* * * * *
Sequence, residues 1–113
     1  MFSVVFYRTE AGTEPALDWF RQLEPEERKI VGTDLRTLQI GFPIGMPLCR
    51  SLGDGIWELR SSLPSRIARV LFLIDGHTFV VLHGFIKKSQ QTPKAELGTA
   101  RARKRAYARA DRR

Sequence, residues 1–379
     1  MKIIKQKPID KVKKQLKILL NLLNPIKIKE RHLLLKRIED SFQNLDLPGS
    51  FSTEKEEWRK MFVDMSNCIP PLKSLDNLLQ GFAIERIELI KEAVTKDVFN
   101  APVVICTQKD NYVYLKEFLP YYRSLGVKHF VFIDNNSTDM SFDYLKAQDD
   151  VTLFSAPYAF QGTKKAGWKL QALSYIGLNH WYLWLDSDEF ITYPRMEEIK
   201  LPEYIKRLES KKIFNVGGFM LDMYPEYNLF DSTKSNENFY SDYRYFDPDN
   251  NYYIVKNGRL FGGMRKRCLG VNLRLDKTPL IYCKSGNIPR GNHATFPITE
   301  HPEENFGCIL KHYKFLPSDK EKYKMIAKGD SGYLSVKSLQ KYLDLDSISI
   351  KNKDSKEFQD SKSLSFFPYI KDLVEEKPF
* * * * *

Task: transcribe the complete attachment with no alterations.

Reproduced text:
Sequence, residues 1–113
     1  MFSVVFYRTE AGTEPALDWF RQLEPEERKI VGTDLRTLQI GFPIGMPLCR
    51  SLGDGIWELR SSLPSRIARV LFLIDGHTFV VLHGFIKKSQ QTPKAELGTA
   101  RARKRAYARA DRR

Sequence, residues 1–379
     1  MKIIKQKPID KVKKQLKILL NLLNPIKIKE RHLLLKRIED SFQNLDLPGS
    51  FSTEKEEWRK MFVDMSNCIP PLKSLDNLLQ GFAIERIELI KEAVTKDVFN
   101  APVVICTQKD NYVYLKEFLP YYRSLGVKHF VFIDNNSTDM SFDYLKAQDD
   151  VTLFSAPYAF QGTKKAGWKL QALSYIGLNH WYLWLDSDEF ITYPRMEEIK
   201  LPEYIKRLES KKIFNVGGFM LDMYPEYNLF DSTKSNENFY SDYRYFDPDN
   251  NYYIVKNGRL FGGMRKRCLG VNLRLDKTPL IYCKSGNIPR GNHATFPITE
   301  HPEENFGCIL KHYKFLPSDK EKYKMIAKGD SGYLSVKSLQ KYLDLDSISI
   351  KNKDSKEFQD SKSLSFFPYI KDLVEEKPF